Ulva from AcharonichThis web site was set up in 2021 to provide information on the geology of the island of Ulva which lies off the west coast of Scotland.


The web site has several main pages:-


The "Geology" button gives basic background informaton on the geology of the islands of Mull, Iona, Ulva and Staffa as well as giving details of basic geological concepts.


The "Excursion" button takes you to a "Virtual Field Trip" of the island's geology and maskes use of maps, photos and video clips to illustrate the geology that can be seen in the field.There are two ways to follow the excursion - either by simply reading through the pages that follow or by clicking on what is known as a storymap. This is  an innovative interactive method of following the geology where the user can see exactly where they are on the map


The "Gallery"  button will bring up several pages of still images and videos showing the scenery and geology of the island. Images vary from distant shots of the island to detailed up-close pictures of detail in the rocks.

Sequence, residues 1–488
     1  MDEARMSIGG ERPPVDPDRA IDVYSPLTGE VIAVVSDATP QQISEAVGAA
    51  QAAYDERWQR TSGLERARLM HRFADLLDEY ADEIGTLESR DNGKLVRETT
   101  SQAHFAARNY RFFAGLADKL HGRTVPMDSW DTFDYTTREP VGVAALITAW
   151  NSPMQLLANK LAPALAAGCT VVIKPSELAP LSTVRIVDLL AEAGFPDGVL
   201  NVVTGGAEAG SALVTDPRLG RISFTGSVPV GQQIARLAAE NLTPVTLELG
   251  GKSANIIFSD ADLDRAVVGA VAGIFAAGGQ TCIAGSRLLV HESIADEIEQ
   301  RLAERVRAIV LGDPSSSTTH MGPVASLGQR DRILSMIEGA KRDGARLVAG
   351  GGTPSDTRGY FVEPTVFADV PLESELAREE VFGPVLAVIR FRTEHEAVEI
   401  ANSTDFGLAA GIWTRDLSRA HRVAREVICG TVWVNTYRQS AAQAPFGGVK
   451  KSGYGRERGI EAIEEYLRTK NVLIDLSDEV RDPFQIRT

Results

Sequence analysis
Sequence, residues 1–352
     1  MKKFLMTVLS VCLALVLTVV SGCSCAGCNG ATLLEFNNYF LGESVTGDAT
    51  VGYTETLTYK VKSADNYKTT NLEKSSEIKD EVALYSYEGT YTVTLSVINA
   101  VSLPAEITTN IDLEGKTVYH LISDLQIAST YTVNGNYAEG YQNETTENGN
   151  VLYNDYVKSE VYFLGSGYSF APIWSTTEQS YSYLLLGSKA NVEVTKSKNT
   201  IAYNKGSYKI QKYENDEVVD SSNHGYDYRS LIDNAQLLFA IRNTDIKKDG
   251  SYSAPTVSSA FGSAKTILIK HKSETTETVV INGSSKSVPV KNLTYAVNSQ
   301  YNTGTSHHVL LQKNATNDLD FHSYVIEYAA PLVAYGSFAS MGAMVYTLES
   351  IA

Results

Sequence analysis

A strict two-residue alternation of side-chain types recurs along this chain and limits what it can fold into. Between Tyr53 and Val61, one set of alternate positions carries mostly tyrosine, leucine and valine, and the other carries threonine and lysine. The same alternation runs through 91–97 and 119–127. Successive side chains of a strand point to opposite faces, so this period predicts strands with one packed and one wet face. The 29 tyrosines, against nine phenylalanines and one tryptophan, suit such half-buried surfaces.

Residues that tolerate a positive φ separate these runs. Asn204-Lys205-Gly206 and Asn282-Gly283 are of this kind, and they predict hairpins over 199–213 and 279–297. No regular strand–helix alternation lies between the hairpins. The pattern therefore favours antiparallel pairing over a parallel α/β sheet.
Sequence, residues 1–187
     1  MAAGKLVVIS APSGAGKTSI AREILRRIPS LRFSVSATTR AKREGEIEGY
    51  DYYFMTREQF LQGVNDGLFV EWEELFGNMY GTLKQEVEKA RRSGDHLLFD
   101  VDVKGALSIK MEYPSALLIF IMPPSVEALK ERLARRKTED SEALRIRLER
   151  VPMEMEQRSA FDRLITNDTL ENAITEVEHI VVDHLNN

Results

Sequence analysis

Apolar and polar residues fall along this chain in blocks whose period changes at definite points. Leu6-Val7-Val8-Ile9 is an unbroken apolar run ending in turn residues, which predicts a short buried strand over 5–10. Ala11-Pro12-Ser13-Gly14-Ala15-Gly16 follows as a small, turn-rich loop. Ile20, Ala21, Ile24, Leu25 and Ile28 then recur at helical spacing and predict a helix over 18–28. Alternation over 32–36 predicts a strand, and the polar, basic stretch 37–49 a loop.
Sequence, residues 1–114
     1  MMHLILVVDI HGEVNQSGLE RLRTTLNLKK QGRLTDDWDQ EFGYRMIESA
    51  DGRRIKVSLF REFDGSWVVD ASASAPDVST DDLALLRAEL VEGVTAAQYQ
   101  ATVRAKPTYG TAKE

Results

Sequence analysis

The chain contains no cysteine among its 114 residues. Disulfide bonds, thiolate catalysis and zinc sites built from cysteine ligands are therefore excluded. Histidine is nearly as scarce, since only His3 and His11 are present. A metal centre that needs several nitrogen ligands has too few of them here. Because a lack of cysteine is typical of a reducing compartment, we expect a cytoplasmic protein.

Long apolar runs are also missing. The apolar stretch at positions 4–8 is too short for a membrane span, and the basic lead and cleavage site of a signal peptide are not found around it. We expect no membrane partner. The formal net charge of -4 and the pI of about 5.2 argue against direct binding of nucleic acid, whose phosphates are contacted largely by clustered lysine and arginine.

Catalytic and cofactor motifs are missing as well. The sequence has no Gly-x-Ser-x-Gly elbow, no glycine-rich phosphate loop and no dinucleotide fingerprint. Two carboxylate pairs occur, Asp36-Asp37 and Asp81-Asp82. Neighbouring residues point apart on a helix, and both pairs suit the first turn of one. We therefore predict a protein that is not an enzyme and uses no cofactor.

The "Resources" button will give links to other web sites, maps, and other on-line materials. Ther eis also a list of references which are cited by this web site


The News page gives updates on the project as well as other information that may be relevant to those visiting the island


Click on the "Contact" button if you have any questions or want to contact the web authors.


About Ulva:


 (Scottish Gaelic: Ulbha) is an island in the Inner Hebrides of Scotland, off the west coast of Mull. It is separated from Mull by the Sound of Ulva (Caolas Ulbha).Ulva is roughly oval in shape with an indented coastline. It is aligned east-west, being 12 kilometres (7 1⁄2 miles) long, and 4 kilometres (2 1⁄2 miles) wide. The highest point of Ulva is Beinn Chreagach ("rocky mountain"), which reaches 313 m (1,027 ft). It has a neighbour in Beinn Eoligarry the summit of which is 306 m (1,004 ft) above sea level. At its height, Ulva had a population of over 800, but by May 2019, this had declined to 5. Today there is a regular ferry service and tourism is the mainstay of the economy. In March 2018 the Scottish Land Fund pledged £4.4 million towards a community buyout of the island and the North West Mull Community Woodland Company took ownership of the island on 21 June 2018.